Proper Deadlift Form Guideline – How To Avoid Bad Deadlift Form




Remember to keep your head in a neutral position when doing deadlifts. Maintain a straight line starting from your head down all the way to your glutes.

Your shoulder and hips should lift at the same time. If either your hips or shoulders lift up after the other, you risk having the part left behind strain a bit more. Remember: hips and shoulders should rise at the same time.

Your shoulders should be aligned slightly behind the bar from the bottom. If your hips are too low, your shoulders will be directly aligned to the bar at the bottom which causes the bar to swing around somewhat during the lift. That is something you need to avoid.

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Do not deadlift while rounding your back. Your back should be straight when doing deadlifts. Rounding out your back will increase the risk of back injuries. Try practicing deadlift with hands out (using dumbbells). Be conscious of your back posture at all times. Once you have a hang of it, you can switch back to deadlifting bars.

In the starting position, be aware of where your shins are positioned. It is essential to make sure that your shins are touching the bar during the start position. This will make the next couple of postures easier to manage.

When it comes to the positioning of the hips, you have to avoid it from dipping too low both at the start and end position. Compare deadlifts to squats, keep in mind that hips should be at a higher position when compared to doing standard squats.




Refrain from hyperextending your back. Not only does it look awkward and silly it is also a great way to injure yourself during deadlifts. Maintain a steady flow throughout your deadlift routine.

When lifting the bar, try to avoid suddenly jerking it during starting position. Jerking the bar during lift can cause you to tear your bicep.

Make sure that your hip drops low enough to prevent your back to round. Not dipping your hips low enough is a huge no-no when it comes to deadlifting.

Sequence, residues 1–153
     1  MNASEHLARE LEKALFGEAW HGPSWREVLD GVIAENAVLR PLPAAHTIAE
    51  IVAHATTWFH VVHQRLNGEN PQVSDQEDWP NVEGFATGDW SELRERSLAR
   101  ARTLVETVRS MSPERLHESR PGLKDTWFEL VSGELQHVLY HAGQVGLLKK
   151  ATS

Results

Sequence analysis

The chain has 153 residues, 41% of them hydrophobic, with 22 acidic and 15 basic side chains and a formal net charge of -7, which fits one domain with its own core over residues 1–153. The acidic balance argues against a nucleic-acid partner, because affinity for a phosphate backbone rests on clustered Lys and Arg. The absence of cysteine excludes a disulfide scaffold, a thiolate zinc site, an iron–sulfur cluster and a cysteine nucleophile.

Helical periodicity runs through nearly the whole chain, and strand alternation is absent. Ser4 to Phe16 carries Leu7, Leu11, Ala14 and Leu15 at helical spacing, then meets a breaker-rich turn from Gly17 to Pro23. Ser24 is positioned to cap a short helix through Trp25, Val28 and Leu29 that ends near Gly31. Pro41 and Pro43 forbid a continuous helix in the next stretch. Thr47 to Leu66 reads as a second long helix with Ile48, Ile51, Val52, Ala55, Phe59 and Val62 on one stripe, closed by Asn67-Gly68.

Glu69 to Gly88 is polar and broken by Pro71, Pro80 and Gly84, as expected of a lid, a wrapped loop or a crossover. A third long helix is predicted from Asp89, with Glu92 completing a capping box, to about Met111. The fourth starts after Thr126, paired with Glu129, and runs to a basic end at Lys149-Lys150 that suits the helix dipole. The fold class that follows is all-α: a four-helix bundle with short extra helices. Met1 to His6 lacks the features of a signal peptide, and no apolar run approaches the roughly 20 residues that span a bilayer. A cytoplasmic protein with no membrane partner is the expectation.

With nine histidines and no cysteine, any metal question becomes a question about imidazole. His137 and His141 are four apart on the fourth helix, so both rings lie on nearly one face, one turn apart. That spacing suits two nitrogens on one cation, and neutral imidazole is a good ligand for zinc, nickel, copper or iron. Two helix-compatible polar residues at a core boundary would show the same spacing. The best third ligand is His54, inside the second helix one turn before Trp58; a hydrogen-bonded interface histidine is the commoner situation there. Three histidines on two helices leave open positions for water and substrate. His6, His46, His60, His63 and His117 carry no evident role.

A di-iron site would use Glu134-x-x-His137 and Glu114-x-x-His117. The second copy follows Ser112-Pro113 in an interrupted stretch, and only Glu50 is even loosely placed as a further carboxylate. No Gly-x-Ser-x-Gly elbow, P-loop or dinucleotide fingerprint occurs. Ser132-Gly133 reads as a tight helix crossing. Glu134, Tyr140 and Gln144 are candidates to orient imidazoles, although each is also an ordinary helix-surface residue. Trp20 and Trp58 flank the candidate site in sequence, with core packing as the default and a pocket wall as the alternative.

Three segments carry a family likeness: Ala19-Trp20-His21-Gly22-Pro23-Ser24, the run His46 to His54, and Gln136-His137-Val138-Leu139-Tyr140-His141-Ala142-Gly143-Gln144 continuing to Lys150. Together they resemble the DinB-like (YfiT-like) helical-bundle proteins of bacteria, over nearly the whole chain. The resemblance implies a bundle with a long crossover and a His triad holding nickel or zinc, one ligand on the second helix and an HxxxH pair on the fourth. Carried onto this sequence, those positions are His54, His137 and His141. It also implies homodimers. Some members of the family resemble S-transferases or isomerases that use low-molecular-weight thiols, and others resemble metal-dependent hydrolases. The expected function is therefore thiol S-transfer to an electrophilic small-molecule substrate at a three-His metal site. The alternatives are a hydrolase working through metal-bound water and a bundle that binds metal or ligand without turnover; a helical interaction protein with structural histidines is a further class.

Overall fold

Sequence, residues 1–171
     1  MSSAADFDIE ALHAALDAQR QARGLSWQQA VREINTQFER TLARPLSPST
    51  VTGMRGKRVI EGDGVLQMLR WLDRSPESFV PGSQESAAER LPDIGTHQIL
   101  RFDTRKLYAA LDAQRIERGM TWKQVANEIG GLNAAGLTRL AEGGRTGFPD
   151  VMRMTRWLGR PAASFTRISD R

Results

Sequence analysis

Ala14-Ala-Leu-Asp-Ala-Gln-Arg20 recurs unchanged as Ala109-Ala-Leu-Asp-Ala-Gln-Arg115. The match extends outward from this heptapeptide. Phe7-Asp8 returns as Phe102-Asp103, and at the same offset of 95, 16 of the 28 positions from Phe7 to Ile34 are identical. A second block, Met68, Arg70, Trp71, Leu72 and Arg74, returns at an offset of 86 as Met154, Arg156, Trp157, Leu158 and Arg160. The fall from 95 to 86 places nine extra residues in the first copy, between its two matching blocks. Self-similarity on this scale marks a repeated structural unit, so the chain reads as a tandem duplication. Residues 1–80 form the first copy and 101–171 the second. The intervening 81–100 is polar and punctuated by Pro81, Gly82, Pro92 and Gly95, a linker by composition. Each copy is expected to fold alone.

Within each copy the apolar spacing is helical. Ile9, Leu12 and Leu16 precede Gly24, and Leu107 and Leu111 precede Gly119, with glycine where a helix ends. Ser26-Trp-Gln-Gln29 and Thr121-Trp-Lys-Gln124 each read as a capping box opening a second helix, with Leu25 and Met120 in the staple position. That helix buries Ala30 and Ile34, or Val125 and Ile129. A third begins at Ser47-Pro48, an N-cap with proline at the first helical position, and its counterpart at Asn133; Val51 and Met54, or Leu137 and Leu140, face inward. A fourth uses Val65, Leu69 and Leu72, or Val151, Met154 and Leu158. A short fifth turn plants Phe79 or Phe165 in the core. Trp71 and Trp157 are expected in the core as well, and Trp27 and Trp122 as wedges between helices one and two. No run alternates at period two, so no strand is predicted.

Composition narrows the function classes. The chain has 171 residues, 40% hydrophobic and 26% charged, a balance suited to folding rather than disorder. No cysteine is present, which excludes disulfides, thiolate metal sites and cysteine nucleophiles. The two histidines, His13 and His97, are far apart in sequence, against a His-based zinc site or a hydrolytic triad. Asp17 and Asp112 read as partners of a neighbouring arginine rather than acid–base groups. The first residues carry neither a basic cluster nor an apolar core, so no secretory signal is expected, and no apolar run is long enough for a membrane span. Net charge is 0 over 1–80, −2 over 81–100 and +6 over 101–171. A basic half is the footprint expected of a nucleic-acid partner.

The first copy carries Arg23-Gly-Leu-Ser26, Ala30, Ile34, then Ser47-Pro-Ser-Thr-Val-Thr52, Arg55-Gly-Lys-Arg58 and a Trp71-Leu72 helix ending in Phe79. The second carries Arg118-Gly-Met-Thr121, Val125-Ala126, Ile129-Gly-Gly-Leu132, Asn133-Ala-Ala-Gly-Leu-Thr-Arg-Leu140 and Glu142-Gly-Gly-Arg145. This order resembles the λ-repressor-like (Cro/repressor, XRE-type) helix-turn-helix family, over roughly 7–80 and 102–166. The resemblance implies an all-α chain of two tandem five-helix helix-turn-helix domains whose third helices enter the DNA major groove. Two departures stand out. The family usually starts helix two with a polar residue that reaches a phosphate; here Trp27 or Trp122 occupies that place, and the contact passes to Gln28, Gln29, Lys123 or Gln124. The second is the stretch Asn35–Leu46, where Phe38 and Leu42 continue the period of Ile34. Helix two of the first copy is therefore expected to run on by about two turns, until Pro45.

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Your legs will do most of the work during deadlifts. Individually, your posterior chain and hamstring will do all the legwork, pun intended.

Do not spread your arms too wide when grabbing the bar. Deadlift is all about maintaining a steady pace and a straight line.

The overhand grip should be the default position. The only exception here will be if you are trying to lift a considerable amount of weight or if you are having trouble getting a good grip on the bar. In those instances, I recommend you with the over and under the grip.




When lifting the bar, make sure it is always laying flat on the ground. That should always be the bar’s starting position.

When lifting the bar up, remember to open your chest once you get to the upright position. This way, you can further prevent your back from accidentally rounding itself during the exercise.

When it comes to footwear and deadlifts, always wear shoes that are flat and stand on a flat surface. If you wish, you can also deadlift barefooted.




Never put all the weight on your heels. Spread the pressure on the middle part of your feet. That is where the perfect balance point is.

Utilize your glutes during deadlifts. Squeeze when lifting and once you reach the upright position.

Always look forward when doing deadlifts. Looking down will put pressure and strain your neck which might lead to injuries down the road.

To help you better understand proper deadlift form, I’ve included a video below that shows you the appropriate way to conduct this exercise.

Final Thoughts

Deadlifts may look easy but as you can see from the list of guidelines I listed above there is a little more to it than simply lifting a weighted bar. As with all exercises, proper form is key to making the most out of your training. Ignoring the basics in posture will not only cause you to waste time and energy, but it can also lead to injuries.

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By remembering these key pointers in regards to deadlifts, you will be able to achieve optimum results while reducing the risk of injury down to zero. Hopefully, this guide should be enough to help you avoid bad deadlift form.

Harvie Brenton

I’m Harvie Brenton, chief editor at! Believing in the great benefits of bodybuilding and fitness to the body, I’ve been motivated to become a fitness enthusiast. It also was what gave me the self-confidence and assurance to me both physically and psychologically. Hopefully, you will come along for the ride with me.